They ooohed. They aaahed. The cable car conductor exclaimed (I never use the word ‘exclaimed’ but there is no other way to describe it) that he was sure there were enough for everyone, didn’t I think so? When I presented the tray to my friends, they shrieked with delight. What could evoke such spontaneous glee? A Baked Alaska? A two story high soufflé? A serving of flaming crepes Suzette? No, dear reader. Just a tray of cupcakes. White cupcakes in heart patterned paper cups topped with pale pink frosting and sparkles to be exact. Nothing that I thought was particularly brilliant culinary-wise but apparently, I was wrong. Witnessing this response immediately reminded me of the days when our boxer dogs were puppies. Take a puppy anywhere and you will not be alone for long. You could be dressed as the Grim Reaper and people will drop to their knees in front of you to play with a puppy. People will do almost the same thing when presented with a cupcake.
My earliest cupcake memory goes back to nursery school. Yes, I can remember back that far. This nursery school was a co-op, which now seems very progressive for what I would describe as my very conservative suburban hometown across the bay from more progressive San Francisco. It was a wonderful school run by a woman named ‘Miss Lorna’. Birthdays were celebrated with a cake (which your mother was expected to provide) as well as cupcakes. This was before the days of concern over children’s sugar intake, obviously. (I can honestly say that I don’t remember one overweight child in my class). Anyway … you received a slice of cake to eat at once and a wrapped cupcake to take home with you. Two cupcakes if you had a sibling. These were carefully wrapped in wax paper, and packed away in your lunch box for the trip home.
So where did the cupcake come from? It may be that the name comes from the measurement of ingredients needed to produce a cupcake. Just as the pound cake is a result of a pound of butter and pound of flour, the cupcake required a cup of flour, a cup of butter and so on. You get the idea. Also, these small cakes were originally baked in earthenware cups. Therefore the small cup shape and size and the name. Cupcakes were mostly confined to children’s parties, the Hostess Cupcake and Saturday School Bake Sales and mediocre bakeries until 1996. That was the year that the Magnolia Bakery opened in New York. They created a cupcake buzz (lines out the door). And then all the buzz needed was a nudge from an appearance on Sex in the City and it became a cupcake craze. Former employees left and opened more cupcake bakeries. Then Sprinkles opened in Beverly Hills. More lines out the door. So what is the big deal, anyway? Why have people become so possessed by a sweet treat that they are willing to wait in a line that winds down the street?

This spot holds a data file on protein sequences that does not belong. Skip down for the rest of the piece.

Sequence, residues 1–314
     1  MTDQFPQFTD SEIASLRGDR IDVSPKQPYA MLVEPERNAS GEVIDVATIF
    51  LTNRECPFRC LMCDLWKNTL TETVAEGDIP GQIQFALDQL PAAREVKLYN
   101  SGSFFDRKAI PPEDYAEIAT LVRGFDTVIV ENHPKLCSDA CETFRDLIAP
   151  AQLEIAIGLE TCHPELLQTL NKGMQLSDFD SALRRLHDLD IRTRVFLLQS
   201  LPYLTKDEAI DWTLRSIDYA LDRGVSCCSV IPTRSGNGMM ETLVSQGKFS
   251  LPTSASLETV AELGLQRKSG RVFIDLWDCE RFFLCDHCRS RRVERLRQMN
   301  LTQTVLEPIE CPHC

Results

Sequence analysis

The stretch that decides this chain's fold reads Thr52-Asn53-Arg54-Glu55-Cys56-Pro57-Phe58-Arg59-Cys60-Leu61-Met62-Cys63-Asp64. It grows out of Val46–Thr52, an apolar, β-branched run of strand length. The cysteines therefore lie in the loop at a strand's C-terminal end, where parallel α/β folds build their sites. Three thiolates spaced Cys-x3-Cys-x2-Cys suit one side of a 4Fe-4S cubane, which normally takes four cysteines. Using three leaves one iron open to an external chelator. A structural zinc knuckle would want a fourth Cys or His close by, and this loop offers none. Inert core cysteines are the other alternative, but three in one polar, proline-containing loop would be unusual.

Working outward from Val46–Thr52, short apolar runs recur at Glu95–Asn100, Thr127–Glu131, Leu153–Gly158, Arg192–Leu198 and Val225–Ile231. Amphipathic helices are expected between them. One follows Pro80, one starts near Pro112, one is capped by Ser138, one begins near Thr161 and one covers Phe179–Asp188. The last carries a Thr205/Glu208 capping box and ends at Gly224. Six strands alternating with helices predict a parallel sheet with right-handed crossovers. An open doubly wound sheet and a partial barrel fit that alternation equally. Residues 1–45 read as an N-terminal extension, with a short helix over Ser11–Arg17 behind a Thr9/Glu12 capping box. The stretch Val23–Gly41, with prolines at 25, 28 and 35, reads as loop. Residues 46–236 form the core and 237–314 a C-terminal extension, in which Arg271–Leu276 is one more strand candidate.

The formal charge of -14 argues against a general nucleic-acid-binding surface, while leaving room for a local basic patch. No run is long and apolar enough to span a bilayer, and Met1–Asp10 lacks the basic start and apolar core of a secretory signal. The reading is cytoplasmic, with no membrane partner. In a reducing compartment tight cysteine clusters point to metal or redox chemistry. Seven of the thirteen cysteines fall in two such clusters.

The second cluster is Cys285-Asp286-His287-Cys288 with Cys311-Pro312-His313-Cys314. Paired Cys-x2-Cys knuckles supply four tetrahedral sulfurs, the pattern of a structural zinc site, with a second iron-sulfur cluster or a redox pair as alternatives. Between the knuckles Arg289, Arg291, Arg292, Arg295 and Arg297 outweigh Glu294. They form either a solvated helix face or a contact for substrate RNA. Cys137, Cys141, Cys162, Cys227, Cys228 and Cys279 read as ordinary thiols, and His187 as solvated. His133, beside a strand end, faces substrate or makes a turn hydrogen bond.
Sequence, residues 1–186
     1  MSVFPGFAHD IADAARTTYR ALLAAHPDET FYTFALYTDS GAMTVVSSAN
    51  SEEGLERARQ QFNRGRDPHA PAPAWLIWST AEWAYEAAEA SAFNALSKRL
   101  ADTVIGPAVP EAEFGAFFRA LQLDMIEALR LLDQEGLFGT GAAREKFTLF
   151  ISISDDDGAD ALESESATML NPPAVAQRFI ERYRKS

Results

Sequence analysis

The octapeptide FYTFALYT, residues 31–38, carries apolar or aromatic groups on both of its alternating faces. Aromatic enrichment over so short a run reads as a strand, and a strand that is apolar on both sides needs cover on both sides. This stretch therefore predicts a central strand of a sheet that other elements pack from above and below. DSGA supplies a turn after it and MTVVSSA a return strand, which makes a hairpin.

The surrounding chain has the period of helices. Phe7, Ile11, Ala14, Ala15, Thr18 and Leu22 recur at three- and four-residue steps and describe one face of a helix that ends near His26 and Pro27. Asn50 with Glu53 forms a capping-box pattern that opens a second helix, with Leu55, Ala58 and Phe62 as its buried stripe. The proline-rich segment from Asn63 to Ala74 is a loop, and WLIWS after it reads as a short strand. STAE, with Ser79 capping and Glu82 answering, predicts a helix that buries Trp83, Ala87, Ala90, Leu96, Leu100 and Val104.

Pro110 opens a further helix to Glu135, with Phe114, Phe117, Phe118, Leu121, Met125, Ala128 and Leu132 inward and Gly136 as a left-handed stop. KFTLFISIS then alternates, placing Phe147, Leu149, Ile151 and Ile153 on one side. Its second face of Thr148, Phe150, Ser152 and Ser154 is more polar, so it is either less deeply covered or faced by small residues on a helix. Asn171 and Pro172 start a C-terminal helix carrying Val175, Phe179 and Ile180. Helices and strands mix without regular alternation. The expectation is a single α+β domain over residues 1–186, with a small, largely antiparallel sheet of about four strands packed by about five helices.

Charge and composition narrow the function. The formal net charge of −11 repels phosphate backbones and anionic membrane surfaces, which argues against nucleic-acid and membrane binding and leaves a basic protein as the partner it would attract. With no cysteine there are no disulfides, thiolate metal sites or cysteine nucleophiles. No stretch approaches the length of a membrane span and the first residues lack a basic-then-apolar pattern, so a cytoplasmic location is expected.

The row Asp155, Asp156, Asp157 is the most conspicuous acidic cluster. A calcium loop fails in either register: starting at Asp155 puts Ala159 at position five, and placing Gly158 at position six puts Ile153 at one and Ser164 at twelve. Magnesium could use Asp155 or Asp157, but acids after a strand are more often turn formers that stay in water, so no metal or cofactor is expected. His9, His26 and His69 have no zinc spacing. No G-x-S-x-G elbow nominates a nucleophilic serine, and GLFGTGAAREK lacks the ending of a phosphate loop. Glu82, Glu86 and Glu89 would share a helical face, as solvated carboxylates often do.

I have been aware of this cupcake phenomena for a few years now and am surprised that it has lasted as long as it has. I have tried a couple of the most au courant versions, organic no less, from very good bakeries and found them dry and flavorless.
So what is it exactly that people are reacting to if not the flavor and texture? I think it must be a fond childhood memory of Room Mothers (remember those?) baking a batch to be distributed during the Valentine’s Day party. But the appeal here goes beyond the concept of comforting food. People do not giggle when a plate of macaroni and cheese is placed in front of them.
A cupcake is about the compact cuteness of something that fits into the palm of your hand that does not require a fork and knife and will sometimes even be dyed pale pink or blue and often leaves a speck of frosting on the tip of your nose. Bigger than a cookie but not quit as big as a slice of cake. And you can eat it with your hands. Can’t do that so easily with a slice of cake, which requires a plate and a fork. Not culinary brilliance but maybe folks don’t need food brilliance in their lives. What people seem to be craving is whimsy and silliness and a chance to shriek with delight over a simple pink cupcake. It may also have something to do with portion control.
So what do I do when I need a cupcake fix? I bake up a batch of cupcakes using a Duncan Hines Yellow Cake mix but I add a teaspoon of almond extract to the batter. For frosting, I recommend the recipe that appears on the side of the C & H Sugar Powdered Sugar box. Use sweet butter and add a generous pinch of salt (finely grained sea salt is best, also known as ‘fleur de sel’. Delicious!